A win-win solution for production workers through gainshare pay.
Many companies have found that extra pay for improved performance can be used to motivate senior executives, salespeople and other employees. Can this kind of program also work for hourly-paid production workers? Experience across a wide range of organizations demonstrates clearly that it can; and, tile result can be a win-win for all concerned. However, there can also be serious and unintended risks of creating a dysfunctional work environment, if the program is poorly conceived and implemented.
As a starting point, it is important to have a clear understanding of what these programs involve. Gainshare (sometimes called group incentive, bonus, profit share, and piecework) means paying employees for meeting or exceeding performance targets. Compensation is paid on top of benefits programs, shift premiums, overtime pay and the like, and is typically outside of collective agreements.
Gainshare recognizes gains, generally cost savings, which are over and above the company's budget. These programs can also consider factors such as product quality, customer delivery, work safety, machine efficiency, and wastage. In essence, the primary focus should be on "shop floor performance improvements" that align to the company's core business objectives. Strong performance results mean a larger amount of funds in the incentive pool for distribution to the workforce. Payout is based on the results for the group, and is distributed relative to wage scales, hours worked and/or other factors. Gainshare plans are particularly attractive in their being self-funding - rewards are made only if performance improvements are achieved. In theory, and depending on the funding approach, award opportunities may be unlimited, a powerful incentive for improving performance.
However, gainshare programs can also require considerable time, effort and resources to design and implement. Rewards must be aligned to a performance improvement process and the organizational culture must be supportive.
Keys to Designing an Effective Gainshare Program
Do not pit employees against one another. Resistance will be great if gainshare programs are seen as potentially divisive. Designing a plant-wide gainshare program may put to rest any concerns of pitting member against member.
Do not impact on the current wage structure. The focus of gainshare is to offer additional pay opportunities for exceeding budgeted targets, not on reducing base wages.
Do not impose the plan without union or employee input. A common error is to first introduce performance-incentive plans after they have been designed. This can result in almost reflexive resistance from employees and/or, the union. Gainshare programs frequently involve improvements to work processes and this demands employee and union involvement.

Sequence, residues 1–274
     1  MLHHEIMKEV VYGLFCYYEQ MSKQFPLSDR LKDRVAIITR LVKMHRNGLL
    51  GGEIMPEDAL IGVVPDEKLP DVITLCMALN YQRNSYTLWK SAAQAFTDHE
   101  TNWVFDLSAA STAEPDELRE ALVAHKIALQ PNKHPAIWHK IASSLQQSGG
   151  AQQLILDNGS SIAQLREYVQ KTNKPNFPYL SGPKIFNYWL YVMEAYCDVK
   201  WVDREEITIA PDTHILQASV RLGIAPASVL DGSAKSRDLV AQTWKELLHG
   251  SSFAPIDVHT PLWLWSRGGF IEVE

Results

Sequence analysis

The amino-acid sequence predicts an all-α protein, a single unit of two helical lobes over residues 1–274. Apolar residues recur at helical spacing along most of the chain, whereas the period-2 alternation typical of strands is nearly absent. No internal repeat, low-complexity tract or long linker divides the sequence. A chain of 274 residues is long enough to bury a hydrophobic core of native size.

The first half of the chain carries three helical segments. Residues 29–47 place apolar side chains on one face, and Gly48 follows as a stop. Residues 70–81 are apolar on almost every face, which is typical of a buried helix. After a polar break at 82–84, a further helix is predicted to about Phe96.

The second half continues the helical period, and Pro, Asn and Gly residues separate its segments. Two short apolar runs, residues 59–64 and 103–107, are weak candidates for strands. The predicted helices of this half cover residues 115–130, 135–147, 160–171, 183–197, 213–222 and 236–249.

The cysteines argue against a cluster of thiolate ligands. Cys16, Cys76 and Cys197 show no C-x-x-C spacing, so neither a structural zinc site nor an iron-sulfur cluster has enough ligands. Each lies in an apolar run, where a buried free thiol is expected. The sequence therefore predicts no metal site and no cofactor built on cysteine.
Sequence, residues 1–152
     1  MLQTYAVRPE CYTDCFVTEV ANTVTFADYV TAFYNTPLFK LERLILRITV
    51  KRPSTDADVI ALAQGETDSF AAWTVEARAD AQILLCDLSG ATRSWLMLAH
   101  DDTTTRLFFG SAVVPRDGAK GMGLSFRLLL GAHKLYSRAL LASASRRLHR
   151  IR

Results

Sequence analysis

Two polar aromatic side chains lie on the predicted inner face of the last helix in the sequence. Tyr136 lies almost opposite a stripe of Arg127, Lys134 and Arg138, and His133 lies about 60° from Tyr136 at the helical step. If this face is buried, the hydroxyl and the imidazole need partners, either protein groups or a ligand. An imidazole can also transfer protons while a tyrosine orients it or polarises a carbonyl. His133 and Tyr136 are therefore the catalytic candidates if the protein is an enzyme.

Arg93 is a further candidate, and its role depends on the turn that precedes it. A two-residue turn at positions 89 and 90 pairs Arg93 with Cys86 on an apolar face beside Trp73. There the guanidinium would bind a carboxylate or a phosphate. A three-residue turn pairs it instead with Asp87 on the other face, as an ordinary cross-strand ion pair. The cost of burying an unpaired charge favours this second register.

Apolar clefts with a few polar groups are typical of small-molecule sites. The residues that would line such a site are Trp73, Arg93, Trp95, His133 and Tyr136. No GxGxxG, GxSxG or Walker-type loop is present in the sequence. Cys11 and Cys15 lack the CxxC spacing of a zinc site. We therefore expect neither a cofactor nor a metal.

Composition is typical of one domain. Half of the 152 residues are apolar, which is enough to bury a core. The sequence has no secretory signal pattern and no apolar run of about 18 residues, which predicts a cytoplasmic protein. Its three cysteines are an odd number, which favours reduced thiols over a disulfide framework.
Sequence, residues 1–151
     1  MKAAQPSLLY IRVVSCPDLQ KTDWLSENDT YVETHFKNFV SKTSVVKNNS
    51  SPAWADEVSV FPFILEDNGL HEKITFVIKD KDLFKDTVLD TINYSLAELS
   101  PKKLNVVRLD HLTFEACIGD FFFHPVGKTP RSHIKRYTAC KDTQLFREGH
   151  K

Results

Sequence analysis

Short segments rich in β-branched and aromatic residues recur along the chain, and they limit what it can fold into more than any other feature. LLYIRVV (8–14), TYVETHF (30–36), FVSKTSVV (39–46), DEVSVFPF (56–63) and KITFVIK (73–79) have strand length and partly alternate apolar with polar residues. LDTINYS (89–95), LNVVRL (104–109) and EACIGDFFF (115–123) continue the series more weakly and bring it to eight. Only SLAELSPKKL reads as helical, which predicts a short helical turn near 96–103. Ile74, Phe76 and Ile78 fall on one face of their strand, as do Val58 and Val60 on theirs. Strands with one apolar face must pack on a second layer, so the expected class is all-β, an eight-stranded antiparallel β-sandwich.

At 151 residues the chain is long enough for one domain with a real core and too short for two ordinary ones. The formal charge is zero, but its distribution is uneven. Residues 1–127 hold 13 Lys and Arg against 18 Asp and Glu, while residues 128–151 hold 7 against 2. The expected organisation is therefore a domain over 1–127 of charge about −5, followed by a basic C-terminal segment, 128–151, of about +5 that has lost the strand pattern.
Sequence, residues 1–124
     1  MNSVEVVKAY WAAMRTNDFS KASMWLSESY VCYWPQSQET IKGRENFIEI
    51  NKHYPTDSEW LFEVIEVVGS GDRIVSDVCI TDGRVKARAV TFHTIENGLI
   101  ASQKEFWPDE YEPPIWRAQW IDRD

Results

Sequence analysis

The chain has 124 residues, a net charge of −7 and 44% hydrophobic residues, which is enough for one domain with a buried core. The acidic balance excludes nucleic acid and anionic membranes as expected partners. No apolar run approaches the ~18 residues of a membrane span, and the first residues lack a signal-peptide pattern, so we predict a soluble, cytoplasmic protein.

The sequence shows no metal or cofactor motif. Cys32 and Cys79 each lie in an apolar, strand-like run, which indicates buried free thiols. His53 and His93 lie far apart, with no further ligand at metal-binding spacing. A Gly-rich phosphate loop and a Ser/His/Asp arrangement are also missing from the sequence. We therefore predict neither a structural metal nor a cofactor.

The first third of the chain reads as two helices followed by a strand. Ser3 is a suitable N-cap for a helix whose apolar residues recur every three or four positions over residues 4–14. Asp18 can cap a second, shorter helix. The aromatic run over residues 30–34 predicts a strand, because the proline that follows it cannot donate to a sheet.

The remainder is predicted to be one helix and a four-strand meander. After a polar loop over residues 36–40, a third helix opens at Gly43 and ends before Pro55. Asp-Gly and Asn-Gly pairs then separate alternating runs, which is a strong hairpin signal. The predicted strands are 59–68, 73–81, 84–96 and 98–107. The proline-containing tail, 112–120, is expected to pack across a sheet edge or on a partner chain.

Performance expectations must be achievable. To help employees reach the higher levels of performance that result in gainshare payouts, they may need help. This can come in the form of process improvement training in things like teamwork and communications.
Employees must have significant control over the established performance targets. Employees and the union may be frustrated over incentive programs in which they lack control over the performance targets they are expected to achieve. Employees will not be motivated to work either smarter or harder if they do not see their performance affecting the calculations of the bonus payouts.
The gainshare and management bonus plans should be supportive of each other. It may not be possible to achieve exact congruence - for example, while the gainshare plan may be based on cost ratios, the management plan may be based on profits. However, the objectives of all the various plans should support the overall goals of the organization.
Do not create a less-safe working environment. In any plan that attempts to increase production, there may be an unintentional impact in safety. To deal with this, it is important to have well-established and enforced safety programs in place. It is also possible to include safety-oriented metrics in the design of the gainshare program, which can be done, in part, through including product quality in the plan's measurements - and, in our experience, quality ensures worker attention, and attention in turn ensures safety.
The impact of a properly-designed gainshare plan should include improved financial performance, enhanced product quality and on-time delivery, as well as higher levels of overall pay and more job security. There should not be any promises, however, about any of these expected outcomes, but with everyone focused on process improvements, there is no reason these expectations should not be achievable.
Karl Aboud is Canadian director of variable pay for The Hay Group, Toronto, ON. He can be reached at Tel: 416-815-6410 or by E-mail: email@example.com. A more complete version of this paper is available from The Hay Group.
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|Comment:||A win-win solution for production workers through gainshare pay.|
|Publication:||Canadian Chemical News|
|Date:||May 1, 1999|
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